The story itself is great but the game really shines in the small details put into the dialogue and gameplay. If you're a fan of RPG's (Final Fantasy in particular), basketball or videogames in general you will find many clever references hidden throughout the seven or so hours that it will take you to complete the game. Battle sprites are blatantly stolen from other games (Michael Jordan for example is Michael Jackson from "Moonwalker"), rpg cliches are exaggerated and mocked (poison and blindness status effects are replaced with diabetes and glaucoma) and gamers themselves are poked fun at via the ranting truck pumps which serve as the games save points.

At first glance the gameplay is just a Final Fantasy styled turn based system. However upon closer inspection it turns out to be a little more complex and immersive. Like Final Fantasy 12 your enemies are visible onscreen but if you get too close they will attack and you will enter into a battle screen. Unlike a normal rpg where you would simply select an attack for the character to perform, choose an enemy and then watch him do it BSUJG attempts to involve the player a little more. For example if you choose to do Barkley's free throw move you must time your shots according to a meter which pops up. Each characters attack employs a combination of keys that imitates it much like swinging the wii-mote to kill a person in manhunt 2. It's a minor tweak but it really contributes towards immersing you in the game.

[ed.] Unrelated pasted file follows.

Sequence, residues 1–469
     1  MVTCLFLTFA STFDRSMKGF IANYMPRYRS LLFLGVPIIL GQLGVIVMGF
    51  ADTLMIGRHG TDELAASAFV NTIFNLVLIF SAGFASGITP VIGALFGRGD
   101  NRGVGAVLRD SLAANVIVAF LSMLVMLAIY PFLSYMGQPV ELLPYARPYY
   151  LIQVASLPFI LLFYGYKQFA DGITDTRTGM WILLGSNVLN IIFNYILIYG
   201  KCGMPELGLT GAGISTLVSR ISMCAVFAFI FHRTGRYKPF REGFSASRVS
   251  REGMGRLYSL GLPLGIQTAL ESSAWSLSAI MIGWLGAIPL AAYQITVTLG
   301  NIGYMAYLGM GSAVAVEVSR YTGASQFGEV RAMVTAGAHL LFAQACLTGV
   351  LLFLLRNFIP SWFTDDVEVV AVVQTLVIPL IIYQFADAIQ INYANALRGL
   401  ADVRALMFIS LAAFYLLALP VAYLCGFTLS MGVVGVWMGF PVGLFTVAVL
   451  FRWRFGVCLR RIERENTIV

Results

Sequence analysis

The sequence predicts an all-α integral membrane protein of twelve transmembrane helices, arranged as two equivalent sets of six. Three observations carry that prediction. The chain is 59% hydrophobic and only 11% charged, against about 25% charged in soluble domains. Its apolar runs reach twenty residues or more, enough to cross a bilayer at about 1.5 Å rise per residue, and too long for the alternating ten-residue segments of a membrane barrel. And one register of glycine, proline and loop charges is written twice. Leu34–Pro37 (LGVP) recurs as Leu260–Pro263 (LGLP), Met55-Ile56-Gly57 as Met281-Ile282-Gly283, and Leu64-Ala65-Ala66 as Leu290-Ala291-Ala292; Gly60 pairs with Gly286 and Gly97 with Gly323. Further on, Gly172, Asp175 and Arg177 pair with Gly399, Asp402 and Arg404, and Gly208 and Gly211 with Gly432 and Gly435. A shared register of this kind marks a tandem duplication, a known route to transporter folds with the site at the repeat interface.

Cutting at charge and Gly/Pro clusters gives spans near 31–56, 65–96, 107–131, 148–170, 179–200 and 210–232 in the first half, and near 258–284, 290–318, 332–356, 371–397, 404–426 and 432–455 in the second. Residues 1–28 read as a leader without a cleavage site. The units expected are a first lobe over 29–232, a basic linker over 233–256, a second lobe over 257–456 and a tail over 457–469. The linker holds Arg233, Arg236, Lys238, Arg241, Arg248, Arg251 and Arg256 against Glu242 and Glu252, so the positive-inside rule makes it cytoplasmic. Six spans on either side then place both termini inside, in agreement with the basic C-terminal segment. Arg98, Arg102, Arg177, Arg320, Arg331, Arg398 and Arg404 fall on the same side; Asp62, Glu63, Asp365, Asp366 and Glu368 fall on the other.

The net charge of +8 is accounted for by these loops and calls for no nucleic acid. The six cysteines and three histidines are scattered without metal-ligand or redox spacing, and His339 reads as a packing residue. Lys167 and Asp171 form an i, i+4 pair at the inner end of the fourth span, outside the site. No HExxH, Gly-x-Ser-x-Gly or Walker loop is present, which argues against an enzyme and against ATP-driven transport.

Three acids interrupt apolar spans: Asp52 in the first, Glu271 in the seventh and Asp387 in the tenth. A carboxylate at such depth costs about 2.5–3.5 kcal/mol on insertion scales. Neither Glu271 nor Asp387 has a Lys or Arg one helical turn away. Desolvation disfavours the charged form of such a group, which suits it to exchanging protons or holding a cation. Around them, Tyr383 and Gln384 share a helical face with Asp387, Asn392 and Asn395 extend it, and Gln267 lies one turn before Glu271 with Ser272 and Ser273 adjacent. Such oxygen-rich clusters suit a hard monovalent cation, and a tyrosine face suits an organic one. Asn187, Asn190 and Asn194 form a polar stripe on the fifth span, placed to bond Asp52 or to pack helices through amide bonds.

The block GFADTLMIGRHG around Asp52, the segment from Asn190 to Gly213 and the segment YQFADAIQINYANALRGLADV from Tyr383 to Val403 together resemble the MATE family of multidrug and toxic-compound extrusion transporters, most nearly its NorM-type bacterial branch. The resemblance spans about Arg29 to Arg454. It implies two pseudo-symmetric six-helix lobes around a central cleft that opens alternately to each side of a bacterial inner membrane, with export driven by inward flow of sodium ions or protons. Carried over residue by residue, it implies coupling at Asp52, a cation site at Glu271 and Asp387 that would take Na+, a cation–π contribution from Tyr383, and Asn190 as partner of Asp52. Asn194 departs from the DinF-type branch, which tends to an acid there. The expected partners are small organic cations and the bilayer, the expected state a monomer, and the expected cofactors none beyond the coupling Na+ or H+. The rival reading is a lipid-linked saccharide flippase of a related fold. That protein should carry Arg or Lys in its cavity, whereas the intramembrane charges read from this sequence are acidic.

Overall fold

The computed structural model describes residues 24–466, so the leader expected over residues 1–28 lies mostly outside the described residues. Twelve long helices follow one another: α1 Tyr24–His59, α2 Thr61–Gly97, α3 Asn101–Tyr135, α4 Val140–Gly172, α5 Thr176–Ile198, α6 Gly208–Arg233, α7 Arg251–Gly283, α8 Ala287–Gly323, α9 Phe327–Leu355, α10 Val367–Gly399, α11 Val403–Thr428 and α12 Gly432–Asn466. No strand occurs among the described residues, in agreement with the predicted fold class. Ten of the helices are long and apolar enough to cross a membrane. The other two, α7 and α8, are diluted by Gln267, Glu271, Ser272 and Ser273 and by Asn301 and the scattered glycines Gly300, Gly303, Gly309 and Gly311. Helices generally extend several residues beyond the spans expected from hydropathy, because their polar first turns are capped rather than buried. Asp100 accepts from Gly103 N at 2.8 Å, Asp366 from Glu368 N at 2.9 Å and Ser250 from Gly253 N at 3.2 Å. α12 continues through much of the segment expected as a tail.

On top of the battles there are one or two quick time events spread out across the game. Much like God of War you are required to press keys according to on-screen prompts in order to make it alive from a tough situation. The time that you have to press each button is rather short and if you mess up more than once you're dead so getting through these scenes can be initially quite difficult. However you are allowed to start over again and the game also uses the exact same prompts each time so if you're having difficulty you can just memorize which keys you have to press.